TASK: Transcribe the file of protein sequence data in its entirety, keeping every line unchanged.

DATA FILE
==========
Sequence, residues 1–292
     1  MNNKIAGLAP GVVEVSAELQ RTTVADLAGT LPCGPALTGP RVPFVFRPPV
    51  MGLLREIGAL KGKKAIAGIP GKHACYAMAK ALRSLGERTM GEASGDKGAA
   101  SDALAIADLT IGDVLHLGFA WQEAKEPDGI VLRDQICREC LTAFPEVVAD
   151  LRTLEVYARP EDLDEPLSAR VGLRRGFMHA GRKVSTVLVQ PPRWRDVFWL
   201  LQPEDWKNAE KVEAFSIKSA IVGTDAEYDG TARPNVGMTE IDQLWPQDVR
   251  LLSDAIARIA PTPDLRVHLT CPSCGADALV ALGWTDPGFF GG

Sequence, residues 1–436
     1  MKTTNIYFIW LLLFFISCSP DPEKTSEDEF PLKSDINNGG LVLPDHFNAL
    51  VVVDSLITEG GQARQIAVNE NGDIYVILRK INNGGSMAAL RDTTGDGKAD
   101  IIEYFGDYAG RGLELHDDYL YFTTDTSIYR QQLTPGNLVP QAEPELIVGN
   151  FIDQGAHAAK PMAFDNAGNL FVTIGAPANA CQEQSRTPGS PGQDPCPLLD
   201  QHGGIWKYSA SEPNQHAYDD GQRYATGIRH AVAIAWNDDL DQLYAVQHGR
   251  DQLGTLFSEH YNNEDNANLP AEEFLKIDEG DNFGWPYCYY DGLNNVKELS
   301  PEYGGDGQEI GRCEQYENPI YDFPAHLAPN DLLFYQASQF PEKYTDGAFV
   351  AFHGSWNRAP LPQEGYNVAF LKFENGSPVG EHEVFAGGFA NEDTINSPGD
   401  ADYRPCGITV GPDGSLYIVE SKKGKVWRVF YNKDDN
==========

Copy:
Sequence, residues 1–292
     1  MNNKIAGLAP GVVEVSAELQ RTTVADLAGT LPCGPALTGP RVPFVFRPPV
    51  MGLLREIGAL KGKKAIAGIP GKHACYAMAK ALRSLGERTM GEASGDKGAA
   101  SDALAIADLT IGDVLHLGFA WQEAKEPDGI VLRDQICREC LTAFPEVVAD
   151  LRTLEVYARP EDLDEPLSAR VGLRRGFMHA GRKVSTVLVQ PPRWRDVFWL
   201  LQPEDWKNAE KVEAFSIKSA IVGTDAEYDG TARPNVGMTE IDQLWPQDVR
   251  LLSDAIARIA PTPDLRVHLT CPSCGADALV ALGWTDPGFF GG

Sequence, residues 1–436
     1  MKTTNIYFIW LLLFFISCSP DPEKTSEDEF PLKSDINNGG LVLPDHFNAL
    51  VVVDSLITEG GQARQIAVNE NGDIYVILRK INNGGSMAAL RDTTGDGKAD
   101  IIEYFGDYAG RGLELHDDYL YFTTDTSIYR QQLTPGNLVP QAEPELIVGN
   151  FIDQGAHAAK PMAFDNAGNL FVTIGAPANA CQEQSRTPGS PGQDPCPLLD
   201  QHGGIWKYSA SEPNQHAYDD GQRYATGIRH AVAIAWNDDL DQLYAVQHGR
   251  DQLGTLFSEH YNNEDNANLP AEEFLKIDEG DNFGWPYCYY DGLNNVKELS
   301  PEYGGDGQEI GRCEQYENPI YDFPAHLAPN DLLFYQASQF PEKYTDGAFV
   351  AFHGSWNRAP LPQEGYNVAF LKFENGSPVG EHEVFAGGFA NEDTINSPGD
   401  ADYRPCGITV GPDGSLYIVE SKKGKVWRVF YNKDDN